Ri (old Japanese unit of length, approximately 3.927 km) (里)

Ri is a unit of length in old Japanese system of weights and measures. It is equivalent to about 4 kilometers in today's Japan, 500 meters in China and about 400 meters in Korea.

Originally it was a unit of length during the Zhou period in ancient China. 1 ri represented the area of 1800 shaku (unit of length, approximately 30.3 centimeters) square (1800 shaku is equivalent to 360 bu [unit of length in old Japanese system of weights and measures] or 6 cho [unit of length, approximately 109 meters]).
Later, the length of its one side became the unit of length 'ri.'
1800 shaku is equivalent to 540 meters when one shaku is 30 centimeters. Afterward, although changes occurred through periods, the length of ri has returned to that in the Zhou period because 500 meters has been set as 1 ri in today's China.

Ri' came down to Japan in those days and 1 ri was set as 5 cho in the Ritsuryo System (a system of centralized government based on the ritsuryo code). Various kinds of ri were used by periods and regions after the collapse of the Ritsuryo System. They were about between 5 and 6 cho.

However, it is difficult to measure the length of 'ri' directly because it is long distance. Therefore, the distance walked in the time to be spent roughly to walk 1 ri was called 1 ri. There appeared various length of ri (36 chori, 40 chori, 48 chori and so on) because people's pace of walking was different according to topography and road conditions. But this definition had an advantage that people could find the time required only by the number of ri to the destination. However, as this would cause confusion, 36 chori was fixed as the standard ri in the Edo period with accepting the existence of various ri. In the Meiji period, 1 ri was fixed to be equal to 36 cho and other kinds of ri were banned by The Weights and Measures Act which was established in 1891 after joining the treaty of the meter. 1 ri is equal to the product of 36 cho multiplied by 360 (shaku per cho) and then 12960 shaku, because 1 cho is equal to the product of 60 ken (a unit of length) multiplied by 6 (shaku per ken) and then 360 shaku. 1 ri is equal to the product of 12960 shaku multiplied by (10 over 33) (meter per shaku) and then (43.2 over 11) kilometers and then 3.9 kilometers (the part of overbar is a recurring decimal) because 1 shaku has been fixed as (10 over 33) meters.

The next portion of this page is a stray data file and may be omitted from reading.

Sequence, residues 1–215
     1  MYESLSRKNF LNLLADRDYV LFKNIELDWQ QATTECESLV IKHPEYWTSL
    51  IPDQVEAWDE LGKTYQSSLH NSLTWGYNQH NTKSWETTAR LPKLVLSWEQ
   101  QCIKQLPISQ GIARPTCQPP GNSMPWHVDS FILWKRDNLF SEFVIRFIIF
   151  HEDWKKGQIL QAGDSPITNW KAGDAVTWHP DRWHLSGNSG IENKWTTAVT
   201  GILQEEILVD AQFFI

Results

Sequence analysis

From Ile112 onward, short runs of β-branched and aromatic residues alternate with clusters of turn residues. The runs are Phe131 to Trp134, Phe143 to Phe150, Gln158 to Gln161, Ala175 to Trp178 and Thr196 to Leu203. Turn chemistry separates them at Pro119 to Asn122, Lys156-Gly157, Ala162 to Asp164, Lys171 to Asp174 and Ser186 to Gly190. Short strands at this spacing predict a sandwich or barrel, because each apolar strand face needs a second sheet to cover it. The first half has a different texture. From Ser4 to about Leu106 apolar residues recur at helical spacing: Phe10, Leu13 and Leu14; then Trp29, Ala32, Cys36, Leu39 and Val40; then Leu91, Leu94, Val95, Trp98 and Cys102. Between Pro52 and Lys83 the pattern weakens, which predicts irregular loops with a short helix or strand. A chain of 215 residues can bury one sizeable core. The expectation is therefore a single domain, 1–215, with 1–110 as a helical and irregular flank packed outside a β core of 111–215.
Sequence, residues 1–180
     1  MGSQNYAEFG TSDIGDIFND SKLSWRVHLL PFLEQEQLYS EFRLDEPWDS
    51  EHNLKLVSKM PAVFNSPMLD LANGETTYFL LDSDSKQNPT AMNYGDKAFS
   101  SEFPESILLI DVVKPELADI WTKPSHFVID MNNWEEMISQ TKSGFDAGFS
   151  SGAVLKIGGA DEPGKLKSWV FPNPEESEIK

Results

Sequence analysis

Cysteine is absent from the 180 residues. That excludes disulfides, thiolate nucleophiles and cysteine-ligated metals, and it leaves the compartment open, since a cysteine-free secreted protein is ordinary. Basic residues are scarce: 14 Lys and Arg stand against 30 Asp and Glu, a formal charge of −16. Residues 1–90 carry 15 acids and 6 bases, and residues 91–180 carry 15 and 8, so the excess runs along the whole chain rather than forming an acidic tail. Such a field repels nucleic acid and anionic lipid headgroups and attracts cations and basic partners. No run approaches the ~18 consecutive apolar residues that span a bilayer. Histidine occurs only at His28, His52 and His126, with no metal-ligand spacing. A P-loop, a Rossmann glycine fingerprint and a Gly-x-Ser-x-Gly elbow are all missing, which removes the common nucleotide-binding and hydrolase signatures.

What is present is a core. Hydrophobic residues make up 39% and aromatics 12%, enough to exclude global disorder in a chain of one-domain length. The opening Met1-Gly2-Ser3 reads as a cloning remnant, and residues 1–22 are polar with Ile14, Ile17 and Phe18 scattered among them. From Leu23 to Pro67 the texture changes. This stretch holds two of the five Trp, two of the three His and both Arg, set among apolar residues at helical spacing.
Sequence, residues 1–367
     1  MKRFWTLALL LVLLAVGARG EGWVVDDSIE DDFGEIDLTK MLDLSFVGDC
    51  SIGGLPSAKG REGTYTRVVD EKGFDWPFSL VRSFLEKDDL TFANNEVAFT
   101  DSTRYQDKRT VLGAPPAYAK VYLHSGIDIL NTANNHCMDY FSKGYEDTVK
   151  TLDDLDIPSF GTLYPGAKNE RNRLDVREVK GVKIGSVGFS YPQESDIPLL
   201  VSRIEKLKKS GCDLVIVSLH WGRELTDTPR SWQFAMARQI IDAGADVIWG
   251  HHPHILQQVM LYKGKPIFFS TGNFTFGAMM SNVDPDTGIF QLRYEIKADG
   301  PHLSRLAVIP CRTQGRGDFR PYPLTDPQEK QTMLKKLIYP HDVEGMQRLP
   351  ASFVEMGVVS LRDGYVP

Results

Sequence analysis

There was a period when Chinese ri was called "shinari" (Chinese ri, approximately 500 meters) in Japanese literature for distinction because 1 ri in Japan and in China had quite different length as mentioned above.

1 ri was set as (a half) kilometers, that is, 500 meters and the letter of '里' (ri) has also been used for 'kilometer' in China. The former is called li while the latter is called gongli for distinction. 1 li is equal to 1500 shi-chi (1 over 3 meters, or approximately 33.3 centimeters) (see also the article of Shizhi [Chinese units system of measurement]).